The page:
Integration of Upscaled Microbial Fuel Cells in Real Municipal Sewage Plants

Wednesday, 31 May 2017
Grand Ballroom (Hilton New Orleans Riverside)
T. Muddemann (Clausthal University of Technology, CUTEC-Institut GmbH), B. Jiang, U. Kunz (Clausthal University of Technology), H. Bormann, D. R. Haupt, M. Niedermeiser, O. Schlaefer, and M. Sievers (CUTEC-Institut GmbH)
In search for appropriate processes to enhance the efficiency of municipal sewage plants, microbial fuel cells (MFC) have moved into research focus. Due to the MFC characteristic, which is able to treat wastewater while generating power simultaneously, it is also a promising approach to change the energy balance of sewage plants – switching from the biggest municipal energy consumer to an energy producer.

Owing to the small power density of MFCs in comparison to chemical fuel cells, large active surface areas and therefore low-cost cell constructions, electrodes and catalysts are necessary.

Challenges in MFC upscaling have been overcome and a functional and less price intensive cell design for integration in existing aeration tanks of municipal wastewater treatment plants has been developed (figure left). The new cell design integrates a double-sided graphite/polymer composite anode between two cathodes, to enlarge the surface area. It allows online half-cell potential measurement and biofilm flushing by nitrogen (figure right), among other options. High performance catalytic active cathodes are used, which are produced in-house by a semi-automatic production line.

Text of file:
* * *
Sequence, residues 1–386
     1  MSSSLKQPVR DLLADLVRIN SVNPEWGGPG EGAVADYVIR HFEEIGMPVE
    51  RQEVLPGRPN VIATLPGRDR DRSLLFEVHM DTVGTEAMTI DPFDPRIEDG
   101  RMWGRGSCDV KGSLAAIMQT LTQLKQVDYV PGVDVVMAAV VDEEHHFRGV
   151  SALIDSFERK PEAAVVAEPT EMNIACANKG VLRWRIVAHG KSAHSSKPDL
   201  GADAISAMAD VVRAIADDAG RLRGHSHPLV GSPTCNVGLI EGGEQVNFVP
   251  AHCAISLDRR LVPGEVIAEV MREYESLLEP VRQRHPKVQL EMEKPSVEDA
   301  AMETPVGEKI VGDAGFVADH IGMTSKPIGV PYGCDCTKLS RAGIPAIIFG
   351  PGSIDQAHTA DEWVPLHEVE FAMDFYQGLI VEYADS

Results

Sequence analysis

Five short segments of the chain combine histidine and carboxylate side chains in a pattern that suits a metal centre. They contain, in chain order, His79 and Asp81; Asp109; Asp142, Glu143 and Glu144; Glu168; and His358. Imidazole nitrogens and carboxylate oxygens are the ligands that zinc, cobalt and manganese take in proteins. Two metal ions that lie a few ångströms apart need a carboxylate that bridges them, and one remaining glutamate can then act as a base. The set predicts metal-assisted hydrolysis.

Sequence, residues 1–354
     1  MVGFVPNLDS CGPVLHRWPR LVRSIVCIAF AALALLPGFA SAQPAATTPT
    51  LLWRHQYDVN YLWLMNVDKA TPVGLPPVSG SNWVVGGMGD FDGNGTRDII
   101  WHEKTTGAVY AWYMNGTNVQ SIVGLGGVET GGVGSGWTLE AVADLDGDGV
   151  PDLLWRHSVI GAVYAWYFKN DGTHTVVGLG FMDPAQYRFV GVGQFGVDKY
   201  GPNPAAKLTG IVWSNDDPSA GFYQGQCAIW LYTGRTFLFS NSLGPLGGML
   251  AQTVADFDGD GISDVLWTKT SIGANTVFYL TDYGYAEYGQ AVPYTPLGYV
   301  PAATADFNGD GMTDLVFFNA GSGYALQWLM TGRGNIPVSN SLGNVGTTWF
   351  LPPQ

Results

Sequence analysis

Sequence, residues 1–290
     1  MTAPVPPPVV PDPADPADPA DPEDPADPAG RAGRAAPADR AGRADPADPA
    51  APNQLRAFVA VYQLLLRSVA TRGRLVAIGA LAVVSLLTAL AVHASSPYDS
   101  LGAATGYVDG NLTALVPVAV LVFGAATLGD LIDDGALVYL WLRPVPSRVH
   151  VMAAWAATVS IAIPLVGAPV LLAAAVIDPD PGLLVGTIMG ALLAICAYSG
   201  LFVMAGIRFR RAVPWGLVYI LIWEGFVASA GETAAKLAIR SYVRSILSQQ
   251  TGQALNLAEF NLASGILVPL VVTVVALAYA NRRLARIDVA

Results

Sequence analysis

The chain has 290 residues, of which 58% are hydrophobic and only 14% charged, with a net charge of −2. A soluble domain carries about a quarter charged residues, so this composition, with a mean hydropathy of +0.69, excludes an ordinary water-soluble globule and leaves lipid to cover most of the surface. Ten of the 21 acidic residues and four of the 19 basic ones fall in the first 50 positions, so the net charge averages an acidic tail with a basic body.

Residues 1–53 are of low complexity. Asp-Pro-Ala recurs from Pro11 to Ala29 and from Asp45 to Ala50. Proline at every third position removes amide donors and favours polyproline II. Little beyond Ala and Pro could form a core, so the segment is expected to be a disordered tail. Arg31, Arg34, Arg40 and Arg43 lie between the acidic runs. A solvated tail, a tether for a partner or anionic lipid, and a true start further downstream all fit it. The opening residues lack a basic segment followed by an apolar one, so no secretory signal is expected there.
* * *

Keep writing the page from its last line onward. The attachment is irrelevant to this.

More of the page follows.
A fuel cell stack of up to fifty MFCs, each with an active area of 6000 square centimeters respectively, has successfully started operation with real municipal wastewater at the wastewater treatment plant in Goslar, Germany.

In addition to the technical cell design, the wastewater parameters strongly affect the electrochemical performance of microbial fuel cells. Therefore the influences of process parameters (temperature, pH, O2, TOC etc.) were measured to determine optimized operating points when fed by real wastewater.

Additionally cathodic catalysts influence the MFC performance considerably, so the electrode-performance of the scaled up microbial fuel cells were investigated by half-cell measurements.